logo for print

Fentanyl 'life changing' for cops, lab techs

Police Chief Ken Pate said officers have "stopped using field tests for heroin stamp bags because we don't know what really is in it"


By Chuck Biedka
The Valley News-Dispatch

TARENTUM, Pa. — Police and drug lab technicians in the Alle-Kiski Valley are trying to make sure they aren't accidentally among the victims of fentanyl-type drugs, because merely touching some of drugs with bare hands can be fatal.

Allegheny County Medical Examiner Karl Williams said the arrival of the illegal fentanyl compounds was “life changing” for medical examiners and lab staff.

This undated photo provided by the Tennessee Bureau of Investigation shows fake Oxycodone pills that are actually fentanyl that were seized and submitted to bureau crime labs. (Tommy Farmer/Tennessee Bureau of Investigation via AP)
This undated photo provided by the Tennessee Bureau of Investigation shows fake Oxycodone pills that are actually fentanyl that were seized and submitted to bureau crime labs. (Tommy Farmer/Tennessee Bureau of Investigation via AP)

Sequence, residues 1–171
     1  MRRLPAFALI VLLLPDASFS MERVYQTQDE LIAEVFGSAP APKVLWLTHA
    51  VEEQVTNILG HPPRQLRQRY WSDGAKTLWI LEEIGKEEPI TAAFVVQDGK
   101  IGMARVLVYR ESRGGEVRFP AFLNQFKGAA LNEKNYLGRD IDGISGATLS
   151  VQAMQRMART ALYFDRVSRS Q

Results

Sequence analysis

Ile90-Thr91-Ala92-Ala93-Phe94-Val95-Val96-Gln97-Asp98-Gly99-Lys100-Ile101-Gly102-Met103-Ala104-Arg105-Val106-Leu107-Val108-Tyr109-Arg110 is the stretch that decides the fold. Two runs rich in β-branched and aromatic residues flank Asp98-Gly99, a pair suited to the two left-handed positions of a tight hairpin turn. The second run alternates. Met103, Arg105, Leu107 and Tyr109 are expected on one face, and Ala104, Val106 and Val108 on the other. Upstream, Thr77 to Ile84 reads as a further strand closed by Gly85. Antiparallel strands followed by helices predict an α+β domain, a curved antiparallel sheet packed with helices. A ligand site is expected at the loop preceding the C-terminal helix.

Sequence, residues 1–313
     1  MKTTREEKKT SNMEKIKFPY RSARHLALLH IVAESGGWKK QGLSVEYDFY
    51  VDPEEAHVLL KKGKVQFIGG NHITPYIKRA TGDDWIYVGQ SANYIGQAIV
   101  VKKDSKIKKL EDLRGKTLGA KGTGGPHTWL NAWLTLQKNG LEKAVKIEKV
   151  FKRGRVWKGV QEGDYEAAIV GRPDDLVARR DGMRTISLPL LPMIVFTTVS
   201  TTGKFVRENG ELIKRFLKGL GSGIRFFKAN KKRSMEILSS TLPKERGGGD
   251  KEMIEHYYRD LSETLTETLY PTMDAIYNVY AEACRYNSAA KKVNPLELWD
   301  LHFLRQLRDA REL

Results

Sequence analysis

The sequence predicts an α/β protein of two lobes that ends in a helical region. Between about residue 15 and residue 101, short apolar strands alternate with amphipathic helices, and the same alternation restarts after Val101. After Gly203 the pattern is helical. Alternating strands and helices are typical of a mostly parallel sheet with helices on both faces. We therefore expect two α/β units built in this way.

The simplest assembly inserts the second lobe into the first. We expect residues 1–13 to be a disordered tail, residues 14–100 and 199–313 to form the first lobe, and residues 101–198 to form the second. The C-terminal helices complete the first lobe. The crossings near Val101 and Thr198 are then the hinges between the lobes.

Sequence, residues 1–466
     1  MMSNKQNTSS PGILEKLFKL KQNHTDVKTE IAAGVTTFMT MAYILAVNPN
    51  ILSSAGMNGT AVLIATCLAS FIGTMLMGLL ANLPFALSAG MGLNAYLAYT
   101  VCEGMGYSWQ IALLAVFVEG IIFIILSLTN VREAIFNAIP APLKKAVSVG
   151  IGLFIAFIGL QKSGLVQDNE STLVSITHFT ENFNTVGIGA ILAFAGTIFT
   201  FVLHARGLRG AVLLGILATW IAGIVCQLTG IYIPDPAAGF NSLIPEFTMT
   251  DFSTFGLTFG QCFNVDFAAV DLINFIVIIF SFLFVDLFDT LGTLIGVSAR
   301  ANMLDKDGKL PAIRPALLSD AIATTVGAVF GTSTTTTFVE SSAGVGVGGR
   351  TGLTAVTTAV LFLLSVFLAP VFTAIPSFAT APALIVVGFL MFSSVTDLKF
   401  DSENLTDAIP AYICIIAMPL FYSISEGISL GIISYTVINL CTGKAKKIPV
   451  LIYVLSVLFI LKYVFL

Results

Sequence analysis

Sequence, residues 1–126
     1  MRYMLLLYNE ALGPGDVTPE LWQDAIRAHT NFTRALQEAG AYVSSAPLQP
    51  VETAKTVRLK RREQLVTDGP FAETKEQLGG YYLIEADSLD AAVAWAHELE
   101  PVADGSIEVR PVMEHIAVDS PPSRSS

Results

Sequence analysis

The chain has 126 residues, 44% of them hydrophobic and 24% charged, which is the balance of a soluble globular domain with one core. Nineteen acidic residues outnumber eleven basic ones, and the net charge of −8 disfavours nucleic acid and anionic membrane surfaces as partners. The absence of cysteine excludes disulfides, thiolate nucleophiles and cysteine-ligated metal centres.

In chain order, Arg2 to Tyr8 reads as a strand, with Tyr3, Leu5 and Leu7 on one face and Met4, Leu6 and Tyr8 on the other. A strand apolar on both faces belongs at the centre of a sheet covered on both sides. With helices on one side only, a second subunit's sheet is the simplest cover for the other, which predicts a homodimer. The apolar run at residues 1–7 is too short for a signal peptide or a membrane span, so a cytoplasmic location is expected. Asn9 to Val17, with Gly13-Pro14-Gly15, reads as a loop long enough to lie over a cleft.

“We are now keeping Narcan in the lab, and they wear protective clothing,” he said.

The powder often is so fine that particles can be absorbed into humans through the skin pores.

Officers have “stopped using field tests for heroin stamp bags because we don't know what really is in it,” said Upper Burrell police Chief Ken Pate, president of the Westmoreland County Police Chiefs Association. “Fentanyl often looks like heroin.”

Last summer, the DEA issued a warning to police. State police also added a safety component in police officer annual procedure updates.

Field tests have been an important part of presenting basic evidence at preliminary hearings, where a district judge decides whether there is enough evidence to hold charges for trial court.

“Now, officers are testifying about their experience to identify drugs and how the suspected illegal drugs were found,” Pate said.

“Our officers in the county are not routinely using field tests ... — the Narcotics Field Test Kits (NIK) tests, where you put the suspected drug in a vial and it turns color — because of the danger,” Pate said.

———

©2017 The Valley News-Dispatch (Tarentum, Pa.)

McClatchy-Tribune News Service

Recommended for you

Join the discussion

Drug Interdiction / Narcotics

Sponsored by

Copyright © 2017 PoliceOne.com. All rights reserved.